Significant progress has been made on Roseway's cabin top rebuild over the last few days. Once the old cabin top was removed, it was sanded and cleaned to prepare for many layers of new material. A layer of resin, a matt of fiberglass, and another layer of resin were topped by plywood. The edges of the plywood were rounded to match the existing cabin house, and two more layers of glass were added on top of that. Within the next few days, the crew will use gray gel paint to seal the preceding layers and will be (finally) topped off with non-skid so the space is still usable and safe in the rain. As it stands, the cabin top is fully waterproof (minus the hole where the newly-varnished butterfly hatches will soon be reinstalled!).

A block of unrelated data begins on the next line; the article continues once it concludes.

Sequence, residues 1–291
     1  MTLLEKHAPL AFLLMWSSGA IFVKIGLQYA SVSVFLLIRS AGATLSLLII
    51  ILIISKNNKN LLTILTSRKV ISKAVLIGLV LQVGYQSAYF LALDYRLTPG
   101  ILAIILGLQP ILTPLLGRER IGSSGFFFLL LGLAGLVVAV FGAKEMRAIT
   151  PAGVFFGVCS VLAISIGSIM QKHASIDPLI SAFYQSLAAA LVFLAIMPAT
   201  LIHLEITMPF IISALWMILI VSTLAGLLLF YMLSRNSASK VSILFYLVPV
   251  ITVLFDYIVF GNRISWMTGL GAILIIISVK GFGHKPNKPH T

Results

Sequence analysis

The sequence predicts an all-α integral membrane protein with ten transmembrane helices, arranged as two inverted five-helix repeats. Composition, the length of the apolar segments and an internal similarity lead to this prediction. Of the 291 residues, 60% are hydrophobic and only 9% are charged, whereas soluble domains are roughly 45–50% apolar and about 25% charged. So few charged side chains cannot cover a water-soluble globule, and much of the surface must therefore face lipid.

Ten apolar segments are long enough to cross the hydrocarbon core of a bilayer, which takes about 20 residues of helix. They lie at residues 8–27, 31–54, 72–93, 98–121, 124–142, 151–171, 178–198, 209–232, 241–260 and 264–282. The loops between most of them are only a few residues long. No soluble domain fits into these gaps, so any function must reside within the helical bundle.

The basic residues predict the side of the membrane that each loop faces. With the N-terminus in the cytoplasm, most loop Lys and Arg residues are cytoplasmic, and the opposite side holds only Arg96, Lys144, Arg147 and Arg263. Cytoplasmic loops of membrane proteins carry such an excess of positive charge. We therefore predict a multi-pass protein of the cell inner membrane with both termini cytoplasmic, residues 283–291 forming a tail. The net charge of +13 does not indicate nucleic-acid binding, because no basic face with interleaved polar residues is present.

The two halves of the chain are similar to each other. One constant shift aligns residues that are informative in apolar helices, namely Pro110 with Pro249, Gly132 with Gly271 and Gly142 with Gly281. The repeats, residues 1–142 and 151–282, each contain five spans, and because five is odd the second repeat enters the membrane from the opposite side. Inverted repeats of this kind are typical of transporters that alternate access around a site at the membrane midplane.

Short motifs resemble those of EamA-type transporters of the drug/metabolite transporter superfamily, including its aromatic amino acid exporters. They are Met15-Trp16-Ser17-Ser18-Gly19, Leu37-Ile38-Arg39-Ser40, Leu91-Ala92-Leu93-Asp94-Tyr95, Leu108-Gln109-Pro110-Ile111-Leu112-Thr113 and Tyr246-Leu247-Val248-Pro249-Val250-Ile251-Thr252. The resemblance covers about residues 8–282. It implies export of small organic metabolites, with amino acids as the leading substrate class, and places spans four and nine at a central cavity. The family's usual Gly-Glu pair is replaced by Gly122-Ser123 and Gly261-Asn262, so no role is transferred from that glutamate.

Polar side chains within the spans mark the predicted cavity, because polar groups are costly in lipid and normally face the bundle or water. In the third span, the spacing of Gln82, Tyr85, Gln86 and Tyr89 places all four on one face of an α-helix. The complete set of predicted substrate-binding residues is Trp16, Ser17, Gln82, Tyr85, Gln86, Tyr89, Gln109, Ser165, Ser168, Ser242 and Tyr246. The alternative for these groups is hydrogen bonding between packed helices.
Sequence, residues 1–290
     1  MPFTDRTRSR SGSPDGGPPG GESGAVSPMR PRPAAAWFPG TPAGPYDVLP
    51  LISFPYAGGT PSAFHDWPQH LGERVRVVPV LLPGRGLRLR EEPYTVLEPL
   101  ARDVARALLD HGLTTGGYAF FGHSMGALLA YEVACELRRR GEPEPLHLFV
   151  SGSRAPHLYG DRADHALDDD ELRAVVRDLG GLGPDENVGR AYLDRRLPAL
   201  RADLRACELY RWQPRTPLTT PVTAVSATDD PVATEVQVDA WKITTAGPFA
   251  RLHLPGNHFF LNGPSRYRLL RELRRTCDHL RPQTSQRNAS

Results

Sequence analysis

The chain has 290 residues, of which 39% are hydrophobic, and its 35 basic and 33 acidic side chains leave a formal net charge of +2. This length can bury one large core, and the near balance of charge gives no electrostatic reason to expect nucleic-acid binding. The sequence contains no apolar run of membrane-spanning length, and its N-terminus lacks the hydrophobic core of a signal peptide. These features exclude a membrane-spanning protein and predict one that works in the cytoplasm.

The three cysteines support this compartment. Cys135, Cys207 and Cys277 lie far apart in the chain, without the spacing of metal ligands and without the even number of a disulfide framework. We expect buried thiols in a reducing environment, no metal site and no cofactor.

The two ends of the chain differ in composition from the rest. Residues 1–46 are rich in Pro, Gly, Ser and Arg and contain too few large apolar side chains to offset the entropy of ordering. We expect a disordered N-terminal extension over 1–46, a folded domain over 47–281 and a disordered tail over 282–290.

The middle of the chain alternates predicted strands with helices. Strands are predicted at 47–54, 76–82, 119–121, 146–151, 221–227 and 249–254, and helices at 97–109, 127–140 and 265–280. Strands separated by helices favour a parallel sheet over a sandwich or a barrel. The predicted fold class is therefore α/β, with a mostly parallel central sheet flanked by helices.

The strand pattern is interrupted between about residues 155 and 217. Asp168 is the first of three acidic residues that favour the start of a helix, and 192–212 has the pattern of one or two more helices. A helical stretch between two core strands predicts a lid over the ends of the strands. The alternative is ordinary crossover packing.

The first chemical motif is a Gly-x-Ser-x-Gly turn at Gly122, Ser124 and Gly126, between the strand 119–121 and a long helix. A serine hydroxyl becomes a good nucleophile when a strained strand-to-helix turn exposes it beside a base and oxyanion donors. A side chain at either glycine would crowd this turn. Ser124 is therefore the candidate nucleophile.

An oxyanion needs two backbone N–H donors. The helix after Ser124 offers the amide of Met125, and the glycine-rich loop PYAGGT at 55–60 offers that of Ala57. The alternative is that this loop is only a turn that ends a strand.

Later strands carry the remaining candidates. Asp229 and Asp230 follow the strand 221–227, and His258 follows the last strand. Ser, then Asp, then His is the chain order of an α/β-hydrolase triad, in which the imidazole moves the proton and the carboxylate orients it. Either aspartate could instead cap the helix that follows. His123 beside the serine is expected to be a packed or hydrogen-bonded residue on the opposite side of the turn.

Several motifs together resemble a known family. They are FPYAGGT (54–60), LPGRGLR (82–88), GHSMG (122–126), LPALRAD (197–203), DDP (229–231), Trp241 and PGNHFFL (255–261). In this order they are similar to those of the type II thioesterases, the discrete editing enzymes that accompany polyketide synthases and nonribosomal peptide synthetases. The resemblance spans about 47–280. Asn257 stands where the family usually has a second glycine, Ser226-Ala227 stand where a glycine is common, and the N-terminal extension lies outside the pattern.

To repair and improve the integrity of the hull, three crew members from GMR are working on caulking seams below the waterline. This work below the waterline is one of the many reasons why it is important to haul Roseway out of the water each year.
Our crew continues to work on detailed sanding and detailed varnishing projects on Roseway's wheel box and butterfly hatches.
Roseway's fores'l and jib were transported to Maine early this week for some sail repair and patching projects. The mains'l will travel north for repair as well. Additionally, Roseway's propellor has been sent out for servicing.
We are thrilled at the momentum that we've seen so far in this yard given the state of the world and our smaller-than-typical crew to maintain CDC guidelines. When Roseway splashes in a few weeks, the crew will continue to work on smaller projects that can take place while she's floating. She will be in great shape as summer falls upon us!